As the world commemorated World Malaria Day on Sunday, dozens of riders in Uganda, including young and old, rode over 30 km to raise awareness against the disease.
The commemorations were held under the theme, “Domestic financing for Malaria – The time is now.”
The theme according to ministry of health aims at echoing the call for an increase in domestic financing for Malaria control in the face of the reducing donor funding.
Ruth Aceng, minister of health, flagged of the event, saying that the country was making effort to fight the disease. “The sky will be the limit. Soon malaria will be gone from Uganda.
It is not easy but every step counts,” Aceng said. She said during the period under COVID-19, government had distributed 28 million mosquito nets to Ugandans.
“I request all of us to keep on speaking about sleeping under an insecticide-treated mosquito net,” she added.
“Try as much as possible to ensure that there is not stagnant water around your home, clear the bushes and close all the windows before you sleep,” she added.
Under the free mosquito net distribution, the ministry targets to have all citizens sleep under a mosquito net every night to prevent malaria.
Other interventions that the country has put in place to fight malaria include indoor residual spraying, larval source management, strengthening health worker capacities for malaria diagnosis and treatment as well as strengthening the management of malaria in pregnancy. The country has also set up Village Health Teams (VHT) which have been trained to manage children under five years of age with complicated and uncomplicated malaria.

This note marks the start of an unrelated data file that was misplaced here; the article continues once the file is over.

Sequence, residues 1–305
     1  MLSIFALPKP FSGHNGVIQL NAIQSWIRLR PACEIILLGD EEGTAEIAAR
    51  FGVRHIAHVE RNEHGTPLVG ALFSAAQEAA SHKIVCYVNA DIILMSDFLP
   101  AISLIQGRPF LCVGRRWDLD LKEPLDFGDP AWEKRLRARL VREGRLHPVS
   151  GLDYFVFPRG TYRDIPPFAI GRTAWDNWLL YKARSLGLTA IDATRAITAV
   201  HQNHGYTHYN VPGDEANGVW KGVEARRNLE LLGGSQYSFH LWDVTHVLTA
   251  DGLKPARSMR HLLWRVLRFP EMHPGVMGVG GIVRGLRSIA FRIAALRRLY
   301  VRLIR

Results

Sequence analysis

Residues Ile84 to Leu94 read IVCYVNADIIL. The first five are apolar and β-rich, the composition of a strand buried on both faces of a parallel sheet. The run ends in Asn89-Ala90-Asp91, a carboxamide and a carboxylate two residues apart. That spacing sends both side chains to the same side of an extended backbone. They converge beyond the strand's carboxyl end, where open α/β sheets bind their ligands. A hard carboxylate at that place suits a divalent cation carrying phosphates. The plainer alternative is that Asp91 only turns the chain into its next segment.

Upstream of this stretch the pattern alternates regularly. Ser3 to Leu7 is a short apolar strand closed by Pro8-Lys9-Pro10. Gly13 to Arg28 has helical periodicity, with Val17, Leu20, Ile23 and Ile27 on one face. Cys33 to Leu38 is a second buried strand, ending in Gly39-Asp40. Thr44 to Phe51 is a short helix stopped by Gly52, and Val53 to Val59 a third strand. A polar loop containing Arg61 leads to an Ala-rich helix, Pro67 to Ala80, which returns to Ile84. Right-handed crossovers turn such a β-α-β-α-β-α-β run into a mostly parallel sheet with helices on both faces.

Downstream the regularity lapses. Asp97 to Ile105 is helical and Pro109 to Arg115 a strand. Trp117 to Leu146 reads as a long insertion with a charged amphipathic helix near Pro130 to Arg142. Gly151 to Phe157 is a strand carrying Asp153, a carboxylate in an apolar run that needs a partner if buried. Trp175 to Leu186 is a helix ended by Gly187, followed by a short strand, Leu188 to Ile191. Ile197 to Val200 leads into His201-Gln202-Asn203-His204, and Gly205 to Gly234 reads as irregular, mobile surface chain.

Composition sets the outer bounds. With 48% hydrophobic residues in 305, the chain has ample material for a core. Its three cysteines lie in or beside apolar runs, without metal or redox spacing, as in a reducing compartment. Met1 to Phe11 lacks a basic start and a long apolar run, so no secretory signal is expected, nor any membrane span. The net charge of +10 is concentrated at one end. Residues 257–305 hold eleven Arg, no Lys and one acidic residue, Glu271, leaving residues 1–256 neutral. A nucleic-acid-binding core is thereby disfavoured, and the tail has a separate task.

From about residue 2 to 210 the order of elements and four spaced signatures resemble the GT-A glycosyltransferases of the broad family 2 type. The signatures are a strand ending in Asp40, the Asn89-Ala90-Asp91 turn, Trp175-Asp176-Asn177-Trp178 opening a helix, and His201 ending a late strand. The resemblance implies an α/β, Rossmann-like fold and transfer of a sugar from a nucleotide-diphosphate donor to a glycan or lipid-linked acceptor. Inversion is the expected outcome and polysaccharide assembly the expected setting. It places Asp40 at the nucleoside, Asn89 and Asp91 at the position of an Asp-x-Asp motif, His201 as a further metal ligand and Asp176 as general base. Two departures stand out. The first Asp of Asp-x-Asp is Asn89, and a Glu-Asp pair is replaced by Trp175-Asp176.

“VHTs can give Rectal Artesunate to children with severe malaria and refer them to health facilities in a timely manner,” the ministry said.
These efforts, according to the ministry, have started yielding positive results. The country has recorded a reduction in malaria prevalence, according to the Malaria Indicator Survey 2018/2019.
According to Minister Aceng, malaria continues to be a burden to households and the country.
The disease is responsible for 30 to 40 percent of outpatient hospital visits, 15 to 20 percent of admissions and 10 percent of inpatient deaths, mostly pregnant mothers and children, according to the health ministry figures.
The disease remains a serious health problem that continues to stagnate economic growth and social development as man-hours are lost because of absenteeism and the meager household incomes spent on treatment.
The country last year warned that the ongoing COVID-19 pandemic is likely to reverse gains made in the fight against malaria.
External donors, according to the ministry, fund over 95 percent of the fight against the disease in the country.
The country is now looking at domestic resourcing in view of the global uncertainties like the COVID-19 pandemic that is affecting foreign financing.
Uganda in September last year launched the board of directors of the Malaria Free Uganda Fund in efforts to look at domestic financing.
Malaria Free Uganda Fund is a nonprofit public-private partnership established to mainstream responsibility for malaria across all sectors and help remove financial and operational bottlenecks in fighting the disease.
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